For example, vnStat has the following script instructions:

Usage: /etc/init.d/S32vnstat (start|stop|restart|check|kill|reconfigure)

What happens when I run /etc/init.d/S32vnstat reconfigure?

  • 3
    Have a look at /etc/init.d/S32vnstat to find out. – michas Feb 8 '15 at 12:06
  • That;s specific to each init script. Some dont have it. – muru Feb 8 '15 at 12:13

Init scripts are individual to each package, but the convention is that "reconfigure" asks the daemon to re-read the configuration file of the service without interrupting the service provided by the daemon.

Under the hood this is usually implemented as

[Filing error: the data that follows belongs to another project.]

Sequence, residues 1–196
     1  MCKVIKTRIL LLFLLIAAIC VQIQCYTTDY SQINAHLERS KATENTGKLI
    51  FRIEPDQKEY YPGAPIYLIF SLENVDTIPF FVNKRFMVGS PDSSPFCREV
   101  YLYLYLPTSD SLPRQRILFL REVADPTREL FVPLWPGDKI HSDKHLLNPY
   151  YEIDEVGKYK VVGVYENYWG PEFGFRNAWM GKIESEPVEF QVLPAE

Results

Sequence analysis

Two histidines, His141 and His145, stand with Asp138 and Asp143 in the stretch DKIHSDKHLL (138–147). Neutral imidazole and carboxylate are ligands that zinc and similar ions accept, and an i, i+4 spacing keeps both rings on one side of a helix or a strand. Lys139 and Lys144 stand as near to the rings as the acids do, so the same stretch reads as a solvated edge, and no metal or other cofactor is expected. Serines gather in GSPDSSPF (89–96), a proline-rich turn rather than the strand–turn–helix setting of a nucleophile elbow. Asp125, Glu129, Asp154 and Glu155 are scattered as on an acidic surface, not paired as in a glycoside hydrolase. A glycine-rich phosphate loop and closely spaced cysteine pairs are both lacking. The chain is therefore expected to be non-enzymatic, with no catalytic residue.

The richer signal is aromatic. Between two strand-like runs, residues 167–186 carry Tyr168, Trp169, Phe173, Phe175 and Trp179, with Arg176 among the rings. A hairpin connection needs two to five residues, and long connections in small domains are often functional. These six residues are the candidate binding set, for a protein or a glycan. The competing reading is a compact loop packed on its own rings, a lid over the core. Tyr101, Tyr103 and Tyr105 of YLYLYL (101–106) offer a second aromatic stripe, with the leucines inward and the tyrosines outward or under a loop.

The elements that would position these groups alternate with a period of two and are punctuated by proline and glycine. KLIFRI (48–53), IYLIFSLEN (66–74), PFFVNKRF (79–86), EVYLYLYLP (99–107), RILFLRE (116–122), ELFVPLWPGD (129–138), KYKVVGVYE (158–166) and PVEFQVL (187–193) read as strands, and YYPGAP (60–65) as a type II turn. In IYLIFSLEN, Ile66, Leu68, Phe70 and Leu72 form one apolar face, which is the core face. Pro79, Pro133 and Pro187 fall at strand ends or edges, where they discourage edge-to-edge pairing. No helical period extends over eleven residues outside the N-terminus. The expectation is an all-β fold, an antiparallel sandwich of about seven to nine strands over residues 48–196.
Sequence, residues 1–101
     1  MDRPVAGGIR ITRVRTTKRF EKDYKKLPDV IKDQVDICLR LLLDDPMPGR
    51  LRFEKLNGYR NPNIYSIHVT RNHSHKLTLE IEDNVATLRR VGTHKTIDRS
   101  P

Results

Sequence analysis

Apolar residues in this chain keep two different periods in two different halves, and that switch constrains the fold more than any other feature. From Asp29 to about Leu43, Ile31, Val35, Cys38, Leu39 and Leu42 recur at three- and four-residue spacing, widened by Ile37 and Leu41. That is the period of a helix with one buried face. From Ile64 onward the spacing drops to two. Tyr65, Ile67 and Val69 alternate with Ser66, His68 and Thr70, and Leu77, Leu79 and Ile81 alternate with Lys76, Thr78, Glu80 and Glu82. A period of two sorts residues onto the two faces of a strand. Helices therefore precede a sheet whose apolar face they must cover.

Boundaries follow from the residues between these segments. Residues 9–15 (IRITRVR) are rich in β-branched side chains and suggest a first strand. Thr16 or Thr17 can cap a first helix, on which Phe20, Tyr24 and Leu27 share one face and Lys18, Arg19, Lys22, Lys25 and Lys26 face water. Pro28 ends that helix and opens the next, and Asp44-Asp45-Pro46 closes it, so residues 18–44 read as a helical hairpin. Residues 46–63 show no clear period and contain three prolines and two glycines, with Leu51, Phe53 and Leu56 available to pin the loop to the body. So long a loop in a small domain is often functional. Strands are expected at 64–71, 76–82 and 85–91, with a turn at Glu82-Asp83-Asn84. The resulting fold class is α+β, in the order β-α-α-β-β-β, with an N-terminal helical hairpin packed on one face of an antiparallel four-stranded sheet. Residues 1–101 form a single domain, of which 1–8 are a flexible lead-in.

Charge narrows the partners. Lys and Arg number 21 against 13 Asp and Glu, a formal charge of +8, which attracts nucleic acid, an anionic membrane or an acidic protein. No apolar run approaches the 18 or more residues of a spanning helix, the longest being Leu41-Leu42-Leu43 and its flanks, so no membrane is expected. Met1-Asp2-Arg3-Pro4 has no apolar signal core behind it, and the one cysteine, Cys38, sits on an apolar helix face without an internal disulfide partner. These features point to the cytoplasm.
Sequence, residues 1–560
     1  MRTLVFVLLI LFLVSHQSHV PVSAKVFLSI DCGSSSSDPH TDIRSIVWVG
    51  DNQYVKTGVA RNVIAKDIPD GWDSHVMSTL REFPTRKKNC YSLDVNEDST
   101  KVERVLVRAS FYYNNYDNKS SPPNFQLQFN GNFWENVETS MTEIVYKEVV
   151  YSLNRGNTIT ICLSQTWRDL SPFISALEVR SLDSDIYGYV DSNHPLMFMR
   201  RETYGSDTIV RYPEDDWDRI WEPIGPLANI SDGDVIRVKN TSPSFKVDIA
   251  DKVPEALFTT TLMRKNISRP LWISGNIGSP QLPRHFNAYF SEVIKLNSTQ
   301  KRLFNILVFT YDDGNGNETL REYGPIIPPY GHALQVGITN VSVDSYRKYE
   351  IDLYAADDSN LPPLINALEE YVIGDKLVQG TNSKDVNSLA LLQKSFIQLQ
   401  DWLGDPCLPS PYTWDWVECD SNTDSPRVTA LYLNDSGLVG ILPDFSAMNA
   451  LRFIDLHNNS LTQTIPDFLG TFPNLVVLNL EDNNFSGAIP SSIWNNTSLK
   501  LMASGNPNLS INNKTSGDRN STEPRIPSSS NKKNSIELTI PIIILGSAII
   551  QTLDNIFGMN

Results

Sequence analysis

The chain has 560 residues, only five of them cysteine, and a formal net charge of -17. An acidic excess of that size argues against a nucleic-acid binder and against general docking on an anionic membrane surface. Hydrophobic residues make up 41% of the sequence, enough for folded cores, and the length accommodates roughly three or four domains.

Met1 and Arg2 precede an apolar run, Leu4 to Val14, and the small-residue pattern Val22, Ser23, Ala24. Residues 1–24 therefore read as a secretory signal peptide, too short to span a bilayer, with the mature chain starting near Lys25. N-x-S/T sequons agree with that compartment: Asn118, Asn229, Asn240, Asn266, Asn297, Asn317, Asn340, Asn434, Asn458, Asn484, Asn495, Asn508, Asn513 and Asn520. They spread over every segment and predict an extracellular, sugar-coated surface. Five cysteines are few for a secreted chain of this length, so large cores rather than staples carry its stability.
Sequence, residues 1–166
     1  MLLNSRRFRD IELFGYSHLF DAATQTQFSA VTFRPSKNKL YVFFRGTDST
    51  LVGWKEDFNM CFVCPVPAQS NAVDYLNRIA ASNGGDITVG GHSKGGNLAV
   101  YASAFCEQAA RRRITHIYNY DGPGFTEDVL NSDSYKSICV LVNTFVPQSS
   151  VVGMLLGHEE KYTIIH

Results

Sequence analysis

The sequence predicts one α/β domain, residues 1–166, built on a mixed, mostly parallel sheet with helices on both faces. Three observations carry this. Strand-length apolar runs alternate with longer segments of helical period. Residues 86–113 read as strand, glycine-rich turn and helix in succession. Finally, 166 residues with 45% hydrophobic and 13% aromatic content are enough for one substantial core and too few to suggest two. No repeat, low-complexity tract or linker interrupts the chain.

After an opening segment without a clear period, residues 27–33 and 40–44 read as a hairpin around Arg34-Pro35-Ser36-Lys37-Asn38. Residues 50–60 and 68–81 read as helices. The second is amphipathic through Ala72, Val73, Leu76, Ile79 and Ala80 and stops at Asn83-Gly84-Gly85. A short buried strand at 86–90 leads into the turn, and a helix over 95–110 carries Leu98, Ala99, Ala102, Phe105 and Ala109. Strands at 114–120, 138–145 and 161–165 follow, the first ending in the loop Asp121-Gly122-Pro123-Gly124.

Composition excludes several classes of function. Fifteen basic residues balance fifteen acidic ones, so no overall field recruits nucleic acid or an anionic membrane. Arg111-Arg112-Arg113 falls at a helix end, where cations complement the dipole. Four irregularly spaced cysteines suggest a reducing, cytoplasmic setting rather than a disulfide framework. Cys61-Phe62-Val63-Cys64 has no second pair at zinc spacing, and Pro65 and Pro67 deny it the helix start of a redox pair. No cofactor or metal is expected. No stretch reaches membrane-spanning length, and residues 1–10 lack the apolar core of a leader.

kill -HUP `cat /run/$PROGRAM.pid`

as sending a daemon a SIGHUP is the usual convention for asking a running daemon to reload its configuration file.

Many daemons cannot do hitless reconfiguration, and some init scripts simply stop && start the service instead, so don't rely upon the existence of the "reconfigure" option to positively imply a hitless reconfiguration feature.

  • The convention for init.d scripts is that this action is called "reload", not "reconfigure". There is also the semi-standard "force-reload" which is supposed to mean reload the service even if it means it has to be restarted. The init script the OP is asking about is not following the convention. – Celada Feb 9 '15 at 7:33

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